, Volume 48, Issue 3, pp 1151–1176 | Cite as

The Relationship History Calendar: Improving the Scope and Quality of Data on Youth Sexual Behavior

  • Nancy Luke
  • Shelley Clark
  • Eliya M. Zulu


Most survey data on sexual activities are obtained via face-to-face interviews, which are prone to misreporting of socially unacceptable behaviors. Demographers have developed various private response methods to minimize social desirability bias and improve the quality of reporting; however, these methods often limit the complexity of information collected. We designed a life history calendar—the Relationship History Calendar (RHC)—to increase the scope of data collected on sexual relationships and behavior while enhancing their quality. The RHC records detailed, 10-year retrospective information on sexual relationship histories. The structure and interview procedure draw on qualitative techniques, which could reduce social desirability bias. We compare the quality of data collected with the RHC with a standard face-to-face survey instrument through a field experiment conducted among 1,275 youth in Kisumu, Kenya. The results suggest that the RHC reduces social desirability bias and improves reporting on multiple measures, including higher rates of abstinence among males and multiple recent sexual partnerships among females. The RHC fosters higher levels of rapport and respondent enjoyment, which appear to be the mechanisms through which social desirability bias is minimized. The RHC is an excellent alternative to private response methods and could potentially be adapted for large-scale surveys.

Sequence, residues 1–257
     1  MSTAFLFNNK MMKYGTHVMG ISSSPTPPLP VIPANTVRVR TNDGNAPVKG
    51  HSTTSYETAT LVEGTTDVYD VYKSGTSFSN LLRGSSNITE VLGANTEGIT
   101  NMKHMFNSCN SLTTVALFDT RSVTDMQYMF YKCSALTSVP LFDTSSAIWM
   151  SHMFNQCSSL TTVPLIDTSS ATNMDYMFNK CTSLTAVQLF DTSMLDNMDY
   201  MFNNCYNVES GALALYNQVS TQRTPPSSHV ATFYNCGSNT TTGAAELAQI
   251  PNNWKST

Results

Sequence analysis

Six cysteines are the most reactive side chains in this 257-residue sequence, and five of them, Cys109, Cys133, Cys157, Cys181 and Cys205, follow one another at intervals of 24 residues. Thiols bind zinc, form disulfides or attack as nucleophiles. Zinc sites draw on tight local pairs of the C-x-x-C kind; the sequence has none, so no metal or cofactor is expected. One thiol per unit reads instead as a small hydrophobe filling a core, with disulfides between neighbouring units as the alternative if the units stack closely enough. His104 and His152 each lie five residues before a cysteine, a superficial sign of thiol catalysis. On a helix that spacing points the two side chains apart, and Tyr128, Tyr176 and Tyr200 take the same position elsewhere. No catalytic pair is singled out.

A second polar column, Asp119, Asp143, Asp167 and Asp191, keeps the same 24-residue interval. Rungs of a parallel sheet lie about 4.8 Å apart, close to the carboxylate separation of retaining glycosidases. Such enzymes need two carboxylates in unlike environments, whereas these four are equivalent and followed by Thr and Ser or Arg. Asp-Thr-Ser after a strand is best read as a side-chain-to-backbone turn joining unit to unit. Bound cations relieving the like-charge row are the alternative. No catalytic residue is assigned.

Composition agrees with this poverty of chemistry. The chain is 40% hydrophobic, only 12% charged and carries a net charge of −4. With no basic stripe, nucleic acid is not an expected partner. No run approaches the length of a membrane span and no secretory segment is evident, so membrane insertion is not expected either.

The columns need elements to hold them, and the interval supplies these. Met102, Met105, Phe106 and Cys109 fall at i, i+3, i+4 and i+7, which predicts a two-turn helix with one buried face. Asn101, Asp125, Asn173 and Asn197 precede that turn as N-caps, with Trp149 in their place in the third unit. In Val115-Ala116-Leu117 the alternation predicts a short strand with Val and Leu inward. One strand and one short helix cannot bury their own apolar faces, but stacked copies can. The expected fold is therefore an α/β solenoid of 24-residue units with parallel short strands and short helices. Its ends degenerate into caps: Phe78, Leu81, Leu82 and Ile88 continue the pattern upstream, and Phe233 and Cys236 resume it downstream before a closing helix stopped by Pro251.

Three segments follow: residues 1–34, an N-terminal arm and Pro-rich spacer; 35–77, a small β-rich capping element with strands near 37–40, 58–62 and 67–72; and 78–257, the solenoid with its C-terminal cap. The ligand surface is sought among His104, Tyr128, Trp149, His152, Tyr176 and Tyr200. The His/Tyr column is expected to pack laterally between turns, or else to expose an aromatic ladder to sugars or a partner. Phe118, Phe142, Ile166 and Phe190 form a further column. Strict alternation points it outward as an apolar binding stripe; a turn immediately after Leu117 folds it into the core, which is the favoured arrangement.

Survey methodology Sexual behavior Condom use Life history calendar Data collection 



Funding for this research was provided by a grant from the Eunice Kennedy Shriver National Institute for Child Health and Human Development (R21-HD 053587), as well as supplementary funding from the Population Studies and Training Center, Department of Sociology, and UTRA at Brown University; the African Population and Health Research Center; and the Population Research Center at the University of Chicago. The authors gratefully acknowledge the role of research team members Caroline Kabiru, Rachel Goldberg, Hongwei Xu, Aidan Jeffery, Rena Otieno, Salome Wawire, Alena Davidoff-Gore, and Rohini Mathur. We thank the data management staff at the African Population and Health Research Center; Michael White, Catherine Andrezjewski, Holly Reed, and Justin Buszin for information regarding calendar design; Hongwei Xu and Sanyu Mojola for research assistance; and Kelley Smith for editorial assistance. We also thank the interviewers and respondents in Kisumu. Rachel Goldberg, Dennis Hogan, Caroline Kabiru, Kaivan Munshi, and Michael White provided helpful feedback on the paper.


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Copyright information

© Population Association of America 2011

Authors and Affiliations

  1. 1.Department of Sociology and Population Studies and Training CenterBrown UniversityProvidenceUSA
  2. 2.Department of SociologyMcGill UniversityMontrealCanada
  3. 3.African Institute for Development PolicyNairobiKenya

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